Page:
God as refiner’s fire, burning bush, pillar of fire – all metaphors for an enduring foreverness that can light any darkness. And as Viktor Frankl wrote, what gives light must endure burning.
Us, too. We who are made in the divine image shine inherently: that’s what spirit does. Even if our light is concealed behind layers, the light is still there. Into all life – as individuals, and as groups small and large – come times that melt away those layers and even transform our core. The spiritual alchemy of meltdown reveals anew the radiant essence.
This holy transformation might be slow or swift, smooth or jarring, but one common adjective – then and now – is that it can feel like melting down.
Meltdown is not fun. It can so scramble us that we might feel like we don’t fully know who we are. If we could interview a caterpillar inside a chrysalis, it might have a tough time describing what it feels like to melt down, because it’s melting down into mush. It might not know that the mush is Becoming a butterfly.
The corona crisis will challenge us, maybe to our core. As we move into Week 2 and absorb the realities of long-duration uncertainty, we ourselves may feel like we’re changing, even like parts of our lives are melting. Our usual ways of being and coping might melt down, too. They may leave us feeling vulnerable, unmoored, like mush, scrambled, sometimes even unknown to ourselves.
During spiritual meltdown, it’s normal to feel irritable, impatient, afraid or out of sorts – and that’s without a pandemic and social distancing, without harrowing news and uncertain times. Lots of emotions may come, perhaps quickly. Some of us may lock down and go numb. It’s all part of it.
So, spiritually speaking, what to do?
First, know that you’re not “doing it wrong.” If meltdown moments come, know them for what they are. Know that your feelings fit these times. Know that our spiritual ancestors knew these kinds of experiences and described them much as we’re describing them now. Know that there’s continuity and familiarity in that, even if this moment feels immense and unprecedented to us.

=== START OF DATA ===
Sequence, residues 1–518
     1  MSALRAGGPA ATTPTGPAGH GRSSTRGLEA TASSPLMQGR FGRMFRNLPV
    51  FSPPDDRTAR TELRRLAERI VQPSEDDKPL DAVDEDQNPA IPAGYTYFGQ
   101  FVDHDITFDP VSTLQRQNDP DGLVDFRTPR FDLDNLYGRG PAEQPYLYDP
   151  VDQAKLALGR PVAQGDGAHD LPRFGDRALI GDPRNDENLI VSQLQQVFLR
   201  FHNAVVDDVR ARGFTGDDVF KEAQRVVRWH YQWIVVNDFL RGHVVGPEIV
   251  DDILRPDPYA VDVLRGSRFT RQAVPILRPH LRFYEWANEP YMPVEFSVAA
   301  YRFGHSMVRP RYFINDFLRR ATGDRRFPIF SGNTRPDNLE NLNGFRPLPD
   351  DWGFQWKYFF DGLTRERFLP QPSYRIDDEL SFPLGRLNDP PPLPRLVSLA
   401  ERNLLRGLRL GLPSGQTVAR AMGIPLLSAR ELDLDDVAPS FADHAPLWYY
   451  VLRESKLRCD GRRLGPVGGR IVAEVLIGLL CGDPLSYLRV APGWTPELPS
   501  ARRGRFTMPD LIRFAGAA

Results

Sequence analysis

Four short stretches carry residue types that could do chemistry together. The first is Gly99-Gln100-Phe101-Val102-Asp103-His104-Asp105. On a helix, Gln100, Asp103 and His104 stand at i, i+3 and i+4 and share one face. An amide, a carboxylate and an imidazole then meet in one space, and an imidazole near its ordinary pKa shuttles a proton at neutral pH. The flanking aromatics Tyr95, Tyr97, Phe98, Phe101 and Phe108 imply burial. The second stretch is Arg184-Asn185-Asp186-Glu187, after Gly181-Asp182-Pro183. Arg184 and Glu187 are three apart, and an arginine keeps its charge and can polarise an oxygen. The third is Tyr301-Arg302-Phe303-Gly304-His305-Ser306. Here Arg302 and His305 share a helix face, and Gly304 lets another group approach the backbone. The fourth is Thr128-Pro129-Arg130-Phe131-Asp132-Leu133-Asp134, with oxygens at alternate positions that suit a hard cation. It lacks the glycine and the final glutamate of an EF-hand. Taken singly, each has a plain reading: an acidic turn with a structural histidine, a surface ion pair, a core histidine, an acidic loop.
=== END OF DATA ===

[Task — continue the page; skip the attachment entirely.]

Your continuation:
Second, know that other people are feeling it, too. Know that others might be feeling any or all of the emotions of meltdown. Know that people’s reactivity and your own may bounce off each other like pinballs. Knowing that others might feel as you do, let yourself feel kindness, patience and compassion – and let others feel kindness, patience and compassion for you.
Third, dedicate this time, and any inner sense of meltdown, to this process of spiritual alchemy. Intend that our meltdown be to reveal our clearest and brightest light in partnership with the Source of Light. Dedicate this time to learning and becoming – for yourself, your loved ones and community.
Fourth, take good care of your bodies – the physical vessels for heart, mind and soul. Eat well. Exercise. Get fresh air safely. Use the physical flow of time, light hours and dark hours, to help structure your days to keep the physical body resilient.
Fifth, reach out. I’m here for you. We’re here for each other. Nobody must travel this path alone.
If there’s magic here, it’s not a magic that I or anyone can manufacture. In so many ways, now more than ever, we truly are together and connected by shared experience and shared essential humanity. There’s magic in that. There’s also magic in the spiritual alchemy of meltdown – in our choice to name it, claim it and use it wisely.
That’s what our ancestors did. That’s the path that our sacred texts and traditions map for us. Especially now, let’s travel that sacred path together.